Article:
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Mardil later introduced a Revised Calendar that was called the Steward's Reckoning. It was followed by most Westron speakers except for the Hobbits. Every month consisted of 30 days. One day was introduced between the third and fourth months (March and April) and between the ninth and tenth months (September and October). The five days outside of months, yestar� (the first day of the year), tuil�r�, lo�nd� (Mid-Year's Day), y�vi�r�, and mettar� (the last day of the year) were holidays.
In Westron, the Quenya names of the months were retained although the Dunedain used the Sindarin equivalents. They were: Narviny� (January - Sindarin Narwain), N�nim� (February - Sindarin N�nui), S�lim� (March - Sindarin Gwaeron), V�ress� (April - Sindarin Gwirith), L�tess� (May - Sindarin Lothron, N�ri� (June - Sindarin N�rui), Cermi� (July - Sindarin Cerveth), Urim� (August - Sindarin Urui), Yavanni� (September - Sindarin Ivanneth), Narqueli� (October - Sindarin Narbeleth), H�sim� (November - Sindarin Hithui), and Ringar� (December - Sindarin Girithron).
The Hobbits of the Shire introduced one change, which was eventually adopted in Bree. Special days, such as Mid-year's Day and Overlithe, were not assigned a weekday name. They no longer belonged to any week. Weekday names thus never changed from year to year. The year always began on the first day of the week and ended on the last day of the week. The Shire-folk stopped putting weekday names on the dates in their letters, since they never changed. This worked as long as they never went farther than Bree.
The Shire names of the calendar months were: Afteryule (January), Solmath or Somath (February), Rethe (March), Astron (April), Thrimidge or Thrimich, originally Thrimilch (May), Forelithe (June), (Midyear's Day and sometimes Overlithe), Afterlithe (July), Wedmath (August), Halimath (September, Winterfilth (October), Blotmath, which was pronounced Blodmath or Blomath (November), and Foreyule (December). These names came from their days in the Vales of the Anduin and are similar to those of Rohan and Dale. The Lithe day before Mid-Year was called 1 Lithe and the one after Mid-Year was called 2 Lithe. The Yule at the end of the year was 1 Yule and the Yule day the beginning of the year was 2 Yule.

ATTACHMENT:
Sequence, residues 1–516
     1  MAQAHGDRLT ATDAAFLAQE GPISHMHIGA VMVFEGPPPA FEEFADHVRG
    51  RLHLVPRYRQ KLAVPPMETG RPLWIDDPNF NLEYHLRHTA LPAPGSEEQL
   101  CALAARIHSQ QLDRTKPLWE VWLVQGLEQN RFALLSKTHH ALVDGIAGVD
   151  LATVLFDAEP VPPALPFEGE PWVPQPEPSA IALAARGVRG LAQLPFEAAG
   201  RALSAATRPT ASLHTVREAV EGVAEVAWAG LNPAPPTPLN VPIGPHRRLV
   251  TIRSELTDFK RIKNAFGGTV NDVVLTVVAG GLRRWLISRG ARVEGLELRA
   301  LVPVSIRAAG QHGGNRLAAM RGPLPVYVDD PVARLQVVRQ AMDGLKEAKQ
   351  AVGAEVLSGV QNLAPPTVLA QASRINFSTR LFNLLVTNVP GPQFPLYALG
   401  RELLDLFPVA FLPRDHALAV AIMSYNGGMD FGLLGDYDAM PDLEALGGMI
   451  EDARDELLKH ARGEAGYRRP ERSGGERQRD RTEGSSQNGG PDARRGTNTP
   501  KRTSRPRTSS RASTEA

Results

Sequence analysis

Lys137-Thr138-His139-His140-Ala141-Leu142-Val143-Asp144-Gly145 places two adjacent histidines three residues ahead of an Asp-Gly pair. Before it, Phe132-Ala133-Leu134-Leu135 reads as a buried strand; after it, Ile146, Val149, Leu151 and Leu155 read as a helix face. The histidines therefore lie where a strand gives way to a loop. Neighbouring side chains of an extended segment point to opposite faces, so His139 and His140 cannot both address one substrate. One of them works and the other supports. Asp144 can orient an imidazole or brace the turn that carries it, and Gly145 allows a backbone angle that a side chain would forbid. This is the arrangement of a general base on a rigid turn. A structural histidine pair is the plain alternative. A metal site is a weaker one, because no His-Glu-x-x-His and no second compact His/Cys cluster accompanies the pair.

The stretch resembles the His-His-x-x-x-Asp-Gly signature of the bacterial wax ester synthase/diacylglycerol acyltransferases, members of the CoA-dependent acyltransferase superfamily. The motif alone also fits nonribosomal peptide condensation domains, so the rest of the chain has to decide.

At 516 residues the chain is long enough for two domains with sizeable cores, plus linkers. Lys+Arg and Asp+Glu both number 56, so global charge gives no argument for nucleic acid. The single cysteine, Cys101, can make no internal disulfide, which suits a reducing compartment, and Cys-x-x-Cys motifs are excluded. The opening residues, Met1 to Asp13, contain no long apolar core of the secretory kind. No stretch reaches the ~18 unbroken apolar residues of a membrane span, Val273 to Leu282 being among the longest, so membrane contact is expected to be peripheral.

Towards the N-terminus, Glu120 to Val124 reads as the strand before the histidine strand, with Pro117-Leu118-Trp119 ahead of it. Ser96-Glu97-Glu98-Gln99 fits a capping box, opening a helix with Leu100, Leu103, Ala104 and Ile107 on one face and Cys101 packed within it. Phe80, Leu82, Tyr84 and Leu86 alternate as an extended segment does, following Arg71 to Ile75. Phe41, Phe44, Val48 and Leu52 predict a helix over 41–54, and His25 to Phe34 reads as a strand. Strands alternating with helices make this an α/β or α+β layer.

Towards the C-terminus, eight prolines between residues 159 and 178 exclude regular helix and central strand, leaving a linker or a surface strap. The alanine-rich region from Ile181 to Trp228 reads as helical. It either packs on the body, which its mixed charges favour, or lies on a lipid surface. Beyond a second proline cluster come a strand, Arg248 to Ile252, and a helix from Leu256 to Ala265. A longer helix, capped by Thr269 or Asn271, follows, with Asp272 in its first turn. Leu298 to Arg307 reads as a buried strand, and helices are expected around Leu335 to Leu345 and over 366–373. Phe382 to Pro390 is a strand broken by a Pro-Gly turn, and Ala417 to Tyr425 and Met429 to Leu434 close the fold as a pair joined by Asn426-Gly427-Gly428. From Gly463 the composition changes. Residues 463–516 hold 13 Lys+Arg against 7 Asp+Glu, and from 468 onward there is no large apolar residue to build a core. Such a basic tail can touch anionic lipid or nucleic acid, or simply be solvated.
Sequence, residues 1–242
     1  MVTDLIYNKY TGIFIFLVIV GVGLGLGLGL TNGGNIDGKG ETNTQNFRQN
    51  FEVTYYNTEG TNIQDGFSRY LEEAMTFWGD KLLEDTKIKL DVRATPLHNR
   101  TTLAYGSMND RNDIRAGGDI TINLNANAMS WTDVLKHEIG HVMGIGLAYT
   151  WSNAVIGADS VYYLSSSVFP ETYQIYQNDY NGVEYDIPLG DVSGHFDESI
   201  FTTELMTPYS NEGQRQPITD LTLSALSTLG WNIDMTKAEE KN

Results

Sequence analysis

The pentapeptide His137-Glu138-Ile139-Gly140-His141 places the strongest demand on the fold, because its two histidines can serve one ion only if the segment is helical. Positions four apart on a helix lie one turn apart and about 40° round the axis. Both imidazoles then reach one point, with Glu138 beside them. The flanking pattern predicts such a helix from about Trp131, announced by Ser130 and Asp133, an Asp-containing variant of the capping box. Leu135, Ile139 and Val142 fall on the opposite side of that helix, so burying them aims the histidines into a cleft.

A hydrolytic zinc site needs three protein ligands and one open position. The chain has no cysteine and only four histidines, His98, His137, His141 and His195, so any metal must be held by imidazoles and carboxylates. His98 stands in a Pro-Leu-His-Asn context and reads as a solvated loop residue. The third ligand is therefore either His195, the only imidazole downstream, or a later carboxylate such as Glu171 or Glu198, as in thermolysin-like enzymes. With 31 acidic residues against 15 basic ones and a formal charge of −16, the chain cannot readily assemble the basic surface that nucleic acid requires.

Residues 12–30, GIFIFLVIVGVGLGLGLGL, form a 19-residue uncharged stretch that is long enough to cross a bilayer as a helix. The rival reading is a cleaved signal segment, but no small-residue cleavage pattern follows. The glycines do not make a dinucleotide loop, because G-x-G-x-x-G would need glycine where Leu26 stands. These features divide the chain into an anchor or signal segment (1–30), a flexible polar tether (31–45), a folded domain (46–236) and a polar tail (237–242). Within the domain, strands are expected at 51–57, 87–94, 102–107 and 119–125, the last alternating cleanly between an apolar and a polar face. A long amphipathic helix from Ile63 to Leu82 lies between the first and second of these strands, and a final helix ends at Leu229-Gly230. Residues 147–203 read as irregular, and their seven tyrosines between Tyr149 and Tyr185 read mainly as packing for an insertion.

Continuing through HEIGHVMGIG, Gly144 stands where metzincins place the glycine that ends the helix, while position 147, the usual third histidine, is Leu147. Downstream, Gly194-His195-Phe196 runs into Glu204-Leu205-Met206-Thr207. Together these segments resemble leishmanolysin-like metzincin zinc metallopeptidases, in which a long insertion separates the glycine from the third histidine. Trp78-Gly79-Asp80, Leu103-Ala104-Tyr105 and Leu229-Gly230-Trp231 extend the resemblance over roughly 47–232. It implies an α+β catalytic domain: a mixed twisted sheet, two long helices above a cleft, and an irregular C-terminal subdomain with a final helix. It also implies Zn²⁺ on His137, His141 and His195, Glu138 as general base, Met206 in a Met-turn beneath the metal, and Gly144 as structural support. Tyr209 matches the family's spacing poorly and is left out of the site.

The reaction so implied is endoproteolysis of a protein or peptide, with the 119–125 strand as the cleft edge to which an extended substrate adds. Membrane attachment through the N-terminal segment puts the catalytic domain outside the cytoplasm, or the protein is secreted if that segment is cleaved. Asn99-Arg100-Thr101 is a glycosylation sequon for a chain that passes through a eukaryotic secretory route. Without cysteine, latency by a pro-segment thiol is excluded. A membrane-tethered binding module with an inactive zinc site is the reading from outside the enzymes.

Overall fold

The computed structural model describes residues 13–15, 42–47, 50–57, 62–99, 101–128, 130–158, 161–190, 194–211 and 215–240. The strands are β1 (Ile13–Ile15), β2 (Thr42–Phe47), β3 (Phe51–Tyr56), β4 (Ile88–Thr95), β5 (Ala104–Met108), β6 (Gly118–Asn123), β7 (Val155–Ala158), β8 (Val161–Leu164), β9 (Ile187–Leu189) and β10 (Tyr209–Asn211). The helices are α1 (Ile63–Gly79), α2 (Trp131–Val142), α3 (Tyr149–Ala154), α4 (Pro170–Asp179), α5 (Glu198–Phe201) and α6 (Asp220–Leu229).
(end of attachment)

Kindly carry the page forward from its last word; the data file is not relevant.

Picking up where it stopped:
The Hobbits of Bree used the following names of the month: Frery (January), Solmath (February), Rethe (March), Chithing (April), Thrimidge (May), Lithe (June), The Summerdays, Mede (July), Wedmath (August), Harvestmath (September), Wintring (October), Blooting (November), and Yulemath (December). Frery, Chithing, and Yulemath were also used in the Eastfarthing. The Bree-folk laughed at the Winterfilth of the Shire. The Shire-folk in turn said that the Bree-folk's Wintring was an adaptation of the older name, which referred to the filling or completion of the year before winter. This name came from before the time the Hobbits adopted the King's Reckoning and reflected a time when the year started after the harvest.
The archaic Hobbit names for the days of the week were: Sterrendei (later Sterday), Sunnendei (Sunday), Monendei (Monday), Trewesdei (Trewsday), Hevenesdei (Hevensday or Hensday), Meresdei (Mersday), and Highdei (Highday). Friday was their Highday and the last day of the week. Highday from noon on was a holiday and was often celebrated by an evening feast.
The Fourth Age began with the September departure of Elrond and the Ringbearer. For ease in record-keeping, Fourth Age 1 was the year that started with March 25, 3021, old style. The Shire-Folk did not celebrate March 25 or September 22. The Hobbits of Westfarthing, especially those around Hobbiton, celebrated April 6 with a holiday and dancing at the Party Field. Some claimed that it was the birthday of Sam Gardner. Others said it was the day the Golden Tree first flowered in SR 1420. A third theory held that it was the Elves' New Year. The Shire's April 6 was more or less equivalent to yestar� (the first day of the year) in the Calendar of Imladris. In Buckland the Horn of the Mark was blown at sundownon November 2, followed by bonfires and feasts. This event recalled the first blowing of the Horn in the Shire in 3019.
From the Appendixes of the Lord of the Rings
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